>> is a decent independent film budget.

    --
    <twhid>
    http://www.mteww.com
    </twhid>
  • Eryk Salvaggio | Mon Oct 20th 2003 1:20 p.m.
    Concerning this:

    > >> He must have really creative accountant...
    > >>
    > > I was wondering about that too. Maybe all the blood at the end is to pay
    for
    > > it?
    >
    > It pays to have Barbara Gladstone as your dealer.

    I think it probably pays to actually create very strong and beautiful
    imagery worked into a carefully constructive narrative and then to actually
    go out and relentlessly seek funding to support it. But independent of any
    opinions on Barney, It's funny what happens when you put your mind towards
    raising money to create something, you guys should try it. If you're
    complaining about how much money you're getting, then you clearl either
    aren't working hard enough or in the right sphere to get the money you would
    like. Groveling for institutional funding and whining about how corrupt the
    system is doesn't count.

    Are people really this snobby about aesthetics? No wonder net.art sucks.
    It's absurd how vehemently people defend thier right to a deliberately ugly
    aesthetic and then moan about how artists who create something beautiful and
    challenging get "all the money". Some people have the talent and skill to
    become professional artists, some don't. The fact that those who have the
    talent and skill are not always neccesarily making the best work isn't
    something to whine about, if that's how you feel, it's a success to study in
    order to emulate. It's reality, for better or for worse, and the longer you
    deny it the longer you are going to wait for your own reality to change.

    Has anyone seen that awful fucking train wreck of a film "American
    Splendor"? There's a celebration of the "pure to be poor and corrupt to try"
    train of thought if I ever saw it, and it's just something I'm reminded of
    watching this conversation.

    Lastly, if Barney didn't get the funding to create these films, I'd be slow
    to assume that the same money would magically get into my pocket or any of
    yours.

    -e.

    ----- Original Message -----
    From: "Lee Wells" <lee@leewells.org>
    To: "Jim Andrews" <jim@vispo.com>; <list@rhizome.org>
    Sent: Sunday, October 19, 2003 11:24 PM
    Subject: Re: RHIZOME_RAW: Re: Cremaster web site

    > on 10/19/03 22:28, Jim Andrews at jim@vispo.com wrote:
    >
    > >
    > >> He must have really creative accountant...
    > >>
    > >> marc
    > >
    > > I was wondering about that too. Maybe all the blood at the end is to pay
    for
    > > it?
    > >
    > > ja
    > >
    >
    > It pays to have Barbara Gladstone as your dealer.
    >
    > Lee
    >
    > >
    > > +
    > > -> post: list@rhizome.org
    > > -> questions: info@rhizome.org
    > > -> subscribe/unsubscribe: http://rhizome.org/preferences/subscribe.rhiz
    > > -> give: http://rhizome.org/support
    > > -> visit: on Fridays the Rhizome.org web site is open to non-members
    > > +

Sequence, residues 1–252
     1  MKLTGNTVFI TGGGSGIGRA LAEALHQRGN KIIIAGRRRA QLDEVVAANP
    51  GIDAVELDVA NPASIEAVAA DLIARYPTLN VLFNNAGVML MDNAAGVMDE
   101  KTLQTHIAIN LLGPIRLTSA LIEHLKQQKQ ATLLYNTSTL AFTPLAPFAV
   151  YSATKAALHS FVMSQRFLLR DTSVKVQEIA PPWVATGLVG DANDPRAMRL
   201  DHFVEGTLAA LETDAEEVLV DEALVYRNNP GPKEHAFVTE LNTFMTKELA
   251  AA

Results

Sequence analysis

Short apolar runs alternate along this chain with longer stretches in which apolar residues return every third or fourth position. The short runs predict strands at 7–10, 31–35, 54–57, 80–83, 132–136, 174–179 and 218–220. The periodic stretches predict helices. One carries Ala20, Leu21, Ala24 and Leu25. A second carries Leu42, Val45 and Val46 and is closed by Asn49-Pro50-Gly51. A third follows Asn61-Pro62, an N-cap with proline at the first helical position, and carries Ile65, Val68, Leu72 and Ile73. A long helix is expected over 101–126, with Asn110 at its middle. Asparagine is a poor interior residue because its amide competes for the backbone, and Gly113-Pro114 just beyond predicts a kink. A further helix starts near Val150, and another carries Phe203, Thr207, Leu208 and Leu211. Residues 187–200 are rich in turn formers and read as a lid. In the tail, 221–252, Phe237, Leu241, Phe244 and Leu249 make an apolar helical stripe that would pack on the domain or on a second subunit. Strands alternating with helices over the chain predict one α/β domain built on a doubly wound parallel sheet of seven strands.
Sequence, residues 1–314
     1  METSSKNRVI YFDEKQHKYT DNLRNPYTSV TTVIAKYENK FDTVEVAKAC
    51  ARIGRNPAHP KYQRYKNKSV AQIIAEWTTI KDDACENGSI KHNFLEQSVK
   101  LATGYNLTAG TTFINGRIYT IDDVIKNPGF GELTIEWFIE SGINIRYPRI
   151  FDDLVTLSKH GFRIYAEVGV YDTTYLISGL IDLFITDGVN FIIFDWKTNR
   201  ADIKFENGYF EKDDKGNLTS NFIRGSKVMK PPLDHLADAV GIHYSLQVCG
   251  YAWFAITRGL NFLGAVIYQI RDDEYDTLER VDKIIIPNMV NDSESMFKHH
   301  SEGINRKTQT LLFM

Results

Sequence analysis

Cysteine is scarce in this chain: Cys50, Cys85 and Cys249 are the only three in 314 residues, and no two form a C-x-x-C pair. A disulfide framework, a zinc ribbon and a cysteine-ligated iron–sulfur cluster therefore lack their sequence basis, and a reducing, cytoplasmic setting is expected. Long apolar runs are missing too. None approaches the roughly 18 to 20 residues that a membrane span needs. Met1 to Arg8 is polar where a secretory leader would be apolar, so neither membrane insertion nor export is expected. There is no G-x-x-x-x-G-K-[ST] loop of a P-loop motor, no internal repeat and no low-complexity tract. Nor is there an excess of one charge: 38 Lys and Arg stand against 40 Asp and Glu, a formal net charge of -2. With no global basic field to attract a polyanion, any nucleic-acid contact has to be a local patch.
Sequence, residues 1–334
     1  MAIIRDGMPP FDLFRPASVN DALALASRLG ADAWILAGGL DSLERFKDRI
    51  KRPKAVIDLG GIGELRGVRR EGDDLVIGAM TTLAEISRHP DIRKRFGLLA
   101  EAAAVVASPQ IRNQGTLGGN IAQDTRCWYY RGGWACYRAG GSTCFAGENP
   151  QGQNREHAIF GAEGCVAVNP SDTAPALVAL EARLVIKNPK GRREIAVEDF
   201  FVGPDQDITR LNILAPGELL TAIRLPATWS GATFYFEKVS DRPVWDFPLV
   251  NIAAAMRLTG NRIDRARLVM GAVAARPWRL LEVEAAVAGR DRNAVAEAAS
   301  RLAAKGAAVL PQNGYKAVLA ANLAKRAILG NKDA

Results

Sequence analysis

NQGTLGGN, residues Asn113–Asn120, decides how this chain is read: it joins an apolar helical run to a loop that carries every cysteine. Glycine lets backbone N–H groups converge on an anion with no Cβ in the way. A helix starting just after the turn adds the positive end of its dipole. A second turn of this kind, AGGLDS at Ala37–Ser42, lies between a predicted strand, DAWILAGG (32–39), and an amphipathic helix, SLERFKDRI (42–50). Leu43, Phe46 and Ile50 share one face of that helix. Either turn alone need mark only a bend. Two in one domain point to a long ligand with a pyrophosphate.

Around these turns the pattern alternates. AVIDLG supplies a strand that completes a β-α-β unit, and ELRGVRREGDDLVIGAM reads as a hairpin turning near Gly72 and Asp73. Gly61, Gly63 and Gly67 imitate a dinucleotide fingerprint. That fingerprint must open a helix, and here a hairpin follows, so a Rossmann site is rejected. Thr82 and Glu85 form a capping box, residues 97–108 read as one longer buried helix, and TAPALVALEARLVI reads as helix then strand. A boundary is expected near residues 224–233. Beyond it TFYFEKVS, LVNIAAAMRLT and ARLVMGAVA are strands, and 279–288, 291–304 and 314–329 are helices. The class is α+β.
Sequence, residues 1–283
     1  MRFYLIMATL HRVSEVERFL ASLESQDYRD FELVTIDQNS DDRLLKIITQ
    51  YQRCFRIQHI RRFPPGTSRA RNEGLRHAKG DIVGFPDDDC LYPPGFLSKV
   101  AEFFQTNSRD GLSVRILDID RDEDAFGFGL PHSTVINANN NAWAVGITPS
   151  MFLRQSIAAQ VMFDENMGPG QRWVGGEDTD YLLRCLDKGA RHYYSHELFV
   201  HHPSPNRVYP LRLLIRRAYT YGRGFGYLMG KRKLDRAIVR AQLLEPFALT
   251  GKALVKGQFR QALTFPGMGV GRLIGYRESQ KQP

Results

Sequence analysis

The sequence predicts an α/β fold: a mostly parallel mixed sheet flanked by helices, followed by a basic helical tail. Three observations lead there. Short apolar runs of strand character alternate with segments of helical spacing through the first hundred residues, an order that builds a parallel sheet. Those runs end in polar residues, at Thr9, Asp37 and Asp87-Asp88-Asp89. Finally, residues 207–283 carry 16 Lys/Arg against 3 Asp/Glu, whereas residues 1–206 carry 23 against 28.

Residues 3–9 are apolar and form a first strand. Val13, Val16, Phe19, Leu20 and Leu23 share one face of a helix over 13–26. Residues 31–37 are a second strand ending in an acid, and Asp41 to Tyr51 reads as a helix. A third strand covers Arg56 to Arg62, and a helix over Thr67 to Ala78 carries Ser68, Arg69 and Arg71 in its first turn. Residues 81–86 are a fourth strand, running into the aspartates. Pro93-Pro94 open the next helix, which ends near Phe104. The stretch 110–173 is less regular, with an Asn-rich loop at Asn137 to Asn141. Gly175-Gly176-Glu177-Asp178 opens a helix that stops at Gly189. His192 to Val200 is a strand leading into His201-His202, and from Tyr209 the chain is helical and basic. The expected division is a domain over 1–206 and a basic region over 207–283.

> > Subscribers to Rhizome are subject to the terms set out in the
    > > Membership Agreement available online at http://rhizome.org/info/29.php
    > >
    >
    > +
    > -> post: list@rhizome.org
    > -> questions: info@rhizome.org
    > -> subscribe/unsubscribe: http://rhizome.org/preferences/subscribe.rhiz
    > -> give: http://rhizome.org/support
    > -> visit: on Fridays the Rhizome.org web site is open to non-members
    > +
    > Subscribers to Rhizome are subject to the terms set out in the
    > Membership Agreement available online at http://rhizome.org/info/29.php
    >
  • Lee Wells | Mon Oct 20th 2003 1:33 p.m.
    One less bomber a year injected into the national arts budget could go a
    long way. California almost completely eradicated its state funding for the
    arts to a measly $1,000,000. That includes the opera, theatre, ballet and
    museums. How much of that do you think is going to fund some socio-political
    net-artist much less a painter or sculptor?

    We are lucky to be in New York where when it comes to funding its
    practically raining opportunities. Unfortunately, unlike the 80's an artist
    that works in any media must be very good at what they do to gain access to
    the booty$$$.

    Barney and Gladstone are not looking for a handout from the NEA or NYFA.
    Gladstone doesn't have a problem acquiring the money for Barney's crazy
    ideas fr4om her very established client base. I would love a copy of her
    database. Gallery interns unite.

    For an artist (what??) 36 I think he is doing alright. I look forward to see
    what he is doing 25 years from now.

    Cheers,
    Lee

    on 10/20/03 10:56, t.whid at twhid@mteww.com wrote:

    > Hi Mark,
    >
    > good point. I don't think it's 'suspect' however. I'm not an expert
    > on exactly how Barney puts his funding together. I know his gallerist
    > put together most of the dough for the films which she then makes up
    > by selling his sculptures, photos, books, and videos. The Gug show
    > prolly had corporate sponsorships simply to mount the exhibition..
    > you know how this stuff works..
    >
    > If cultural funding in the US was controlled by a central agency, it
    > might be suspect, but funding isn't controlled that way. I think, a
    > bit like Christo, getting the funding is part of the art in capital
    > intensive projects.
    >
    > My position is this: In our contemporary culture, art has been
    > dangerously marginalized. It's in serious danger of not simply being
    > irrelevant to the vast majority of the public (it is already) but of
    > disappearing entirely. So, I'm very 'pro-art' in a general way. I